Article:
Originally created 01/03/01

Relaxing kava tea could be impairing drivers



HONOLULU -- There are no waiters or waitresses at Hale Noa, a quiet cafe northeast of Waikiki where an elixir known as awa is the only brew served.

Owner Keoni Verity makes patrons belly up to the bar for bowls of the earthy-tasting South Pacific drink. That way, he can see if they're still walking straight after their third, fourth or fifth refill.

"If they sit at a table and order many drinks without ever getting up, they sometimes don't realize how the awa is affecting them," Verity said.

The herbal root, also called kava outside Hawaii, is billed as a natural treatment for anxiety and insomnia. But some prosecutors think it may be too relaxing -- they're concerned about people driving after drinking it.

"I have no concern at all if people are sitting in a bar or a cafe and consuming kava to their hearts' content as long as they don't place other people at risk by getting behind the wheel of a car," said Jim Fox, the district attorney in California's San Mateo County.

There, Fox's office prosecuted a man accused of drinking 23 cups of kava tea before driving, then weaving onto a highway shoulder. In December, a judge threw out the DUI case, citing lack of evidence about the tea's effects.

A similar case against a kava tea drinker from San Bruno ended in a mistrial in October after the jury deadlocked.

Kava tea has long been used in South Pacific cultural and religious ceremonies. Known as a natural alternative to muscle relaxants and anti-anxiety medicine, it's lately been growing in popularity along with other herbal supplements. And in Hawaii, awa use is seen as part of a movement to revive native Hawaiian traditions.

Kava has varying degrees of potency, and the tea is the biggest concern. Kava tea is generally much more sedating than pills, Fox said. And Verity said a cup of kava tea at his bar is about four times more potent than a typical store-bought kava tea bag.

"Awa in general relaxes and soothes and creates a mild sense of euphoria and expansion, and you can kind of see that in the way people slow down a little bit both in their movement and their speech," Verity said. "People just generally get more mellow."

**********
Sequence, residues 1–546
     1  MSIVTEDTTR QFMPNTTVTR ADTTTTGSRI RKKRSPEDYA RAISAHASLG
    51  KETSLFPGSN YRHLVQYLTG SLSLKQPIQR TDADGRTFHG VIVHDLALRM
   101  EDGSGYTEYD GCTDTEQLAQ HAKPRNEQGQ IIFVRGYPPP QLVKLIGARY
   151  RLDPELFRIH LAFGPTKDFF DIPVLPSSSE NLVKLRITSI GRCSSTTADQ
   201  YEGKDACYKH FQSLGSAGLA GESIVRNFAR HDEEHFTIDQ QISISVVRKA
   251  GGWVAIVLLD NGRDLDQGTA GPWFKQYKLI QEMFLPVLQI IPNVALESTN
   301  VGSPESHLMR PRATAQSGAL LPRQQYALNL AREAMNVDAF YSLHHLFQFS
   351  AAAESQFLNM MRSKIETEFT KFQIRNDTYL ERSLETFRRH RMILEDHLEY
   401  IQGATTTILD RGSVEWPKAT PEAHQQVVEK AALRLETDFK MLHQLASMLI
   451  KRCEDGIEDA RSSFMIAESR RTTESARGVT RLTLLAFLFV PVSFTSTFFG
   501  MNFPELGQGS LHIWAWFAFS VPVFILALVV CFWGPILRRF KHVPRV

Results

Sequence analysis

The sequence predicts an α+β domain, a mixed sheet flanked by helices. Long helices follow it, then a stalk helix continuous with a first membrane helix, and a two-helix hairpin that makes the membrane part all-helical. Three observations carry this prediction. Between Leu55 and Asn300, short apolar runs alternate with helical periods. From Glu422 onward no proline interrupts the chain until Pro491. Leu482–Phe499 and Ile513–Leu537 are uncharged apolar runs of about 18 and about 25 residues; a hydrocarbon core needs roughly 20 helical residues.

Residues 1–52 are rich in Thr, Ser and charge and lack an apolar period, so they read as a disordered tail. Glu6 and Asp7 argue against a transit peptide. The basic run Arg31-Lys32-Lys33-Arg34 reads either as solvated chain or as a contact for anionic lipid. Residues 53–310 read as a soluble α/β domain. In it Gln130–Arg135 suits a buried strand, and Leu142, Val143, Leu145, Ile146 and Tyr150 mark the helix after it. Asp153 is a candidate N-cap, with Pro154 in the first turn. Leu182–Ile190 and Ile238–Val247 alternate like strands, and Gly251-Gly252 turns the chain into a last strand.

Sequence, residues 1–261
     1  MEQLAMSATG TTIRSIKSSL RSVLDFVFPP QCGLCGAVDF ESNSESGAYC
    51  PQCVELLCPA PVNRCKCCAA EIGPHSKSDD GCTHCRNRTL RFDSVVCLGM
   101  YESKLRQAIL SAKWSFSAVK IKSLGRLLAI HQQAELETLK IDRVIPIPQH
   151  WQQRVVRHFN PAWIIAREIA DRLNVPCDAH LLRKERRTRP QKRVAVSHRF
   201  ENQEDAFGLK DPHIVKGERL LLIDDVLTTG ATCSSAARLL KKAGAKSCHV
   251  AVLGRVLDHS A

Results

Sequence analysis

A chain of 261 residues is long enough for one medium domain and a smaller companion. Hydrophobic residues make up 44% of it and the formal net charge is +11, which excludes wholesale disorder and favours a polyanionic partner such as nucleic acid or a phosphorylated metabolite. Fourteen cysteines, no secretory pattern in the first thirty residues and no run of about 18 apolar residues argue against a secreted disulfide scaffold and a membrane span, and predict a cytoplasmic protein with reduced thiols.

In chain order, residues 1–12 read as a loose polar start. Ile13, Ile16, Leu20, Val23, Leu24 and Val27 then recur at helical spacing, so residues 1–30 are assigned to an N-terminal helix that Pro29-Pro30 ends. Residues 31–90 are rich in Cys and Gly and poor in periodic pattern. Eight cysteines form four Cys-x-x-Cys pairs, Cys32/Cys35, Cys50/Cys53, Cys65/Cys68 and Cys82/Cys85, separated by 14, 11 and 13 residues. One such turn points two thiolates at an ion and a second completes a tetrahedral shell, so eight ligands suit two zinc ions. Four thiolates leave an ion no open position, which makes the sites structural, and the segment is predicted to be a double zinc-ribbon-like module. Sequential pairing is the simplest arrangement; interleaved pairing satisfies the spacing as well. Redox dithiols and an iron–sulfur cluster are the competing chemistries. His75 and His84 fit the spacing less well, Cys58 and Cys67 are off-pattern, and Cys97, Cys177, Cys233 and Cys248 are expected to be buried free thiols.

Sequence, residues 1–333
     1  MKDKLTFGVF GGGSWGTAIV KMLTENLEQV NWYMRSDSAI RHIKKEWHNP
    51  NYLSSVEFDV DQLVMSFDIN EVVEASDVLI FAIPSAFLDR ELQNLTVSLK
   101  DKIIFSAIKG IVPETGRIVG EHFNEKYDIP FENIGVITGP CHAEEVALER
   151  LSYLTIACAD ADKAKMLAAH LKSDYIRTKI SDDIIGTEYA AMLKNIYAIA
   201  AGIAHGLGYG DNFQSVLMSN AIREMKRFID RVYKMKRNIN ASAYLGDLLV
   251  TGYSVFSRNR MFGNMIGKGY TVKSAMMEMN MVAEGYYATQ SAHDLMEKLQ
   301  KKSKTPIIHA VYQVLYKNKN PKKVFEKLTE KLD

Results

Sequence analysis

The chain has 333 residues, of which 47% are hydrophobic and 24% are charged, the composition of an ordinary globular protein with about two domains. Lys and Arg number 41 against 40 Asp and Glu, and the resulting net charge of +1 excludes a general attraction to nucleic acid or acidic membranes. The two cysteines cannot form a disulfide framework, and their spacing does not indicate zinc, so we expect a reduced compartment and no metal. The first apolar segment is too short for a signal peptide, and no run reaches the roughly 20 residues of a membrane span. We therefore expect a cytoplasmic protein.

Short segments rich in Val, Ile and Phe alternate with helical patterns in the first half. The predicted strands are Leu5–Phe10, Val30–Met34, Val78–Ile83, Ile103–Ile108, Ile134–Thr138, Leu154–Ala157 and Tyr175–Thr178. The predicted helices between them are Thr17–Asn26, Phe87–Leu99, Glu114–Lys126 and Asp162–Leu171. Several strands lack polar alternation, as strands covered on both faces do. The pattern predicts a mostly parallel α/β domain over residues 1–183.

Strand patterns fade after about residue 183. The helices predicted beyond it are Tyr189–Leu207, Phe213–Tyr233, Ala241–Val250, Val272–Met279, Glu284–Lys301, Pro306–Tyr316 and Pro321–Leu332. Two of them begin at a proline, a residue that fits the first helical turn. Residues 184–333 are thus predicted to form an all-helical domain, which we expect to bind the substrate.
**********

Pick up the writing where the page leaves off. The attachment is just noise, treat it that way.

Kava does have a sedating effect, especially in the raw form, and can affect drivers in ways similar to liquor, said Keith Kamita, administrator of Hawaii's Narcotics Enforcement Division.

Hawaii law doesn't explicitly ban driving while under the influence of kava, Honolulu Deputy Prosecutor David Sandler said.

In most states, it is illegal to drive under the influence of any intoxicating substance, Sandler said. California is one of them; Hawaii is not.

"If you abuse kava, it's the same thing as abusing alcohol," he said. "The difference is in Hawaii we can't prosecute it."

Sandler said he didn't know of any specific cases of drivers getting into trouble after drinking kava. But he said it's hard to measure the kava problem because police don't test for the tea when pulling over drivers.

Verity said the problem can be solved with public education and sound policies at kava-serving establishments. He said he does not serve anyone under age 20 and asks customers if they plan to drive.

"One of the first things we do is caution against driving," he said.

Fox said he has endured a fair amount of ribbing for going after kava drinkers for DUI, but he believes the law is on his side.

"Unfortunately, it may require that somebody's actually killed before people become aware of the dangers of it, and that would be a tragedy," he said.

On the Net:

Physicians' Desk Reference for Herbal Medicines: http://www.pdr.net/

Hawaiian Kava Center: http://www.hawaiiankavacenter.com/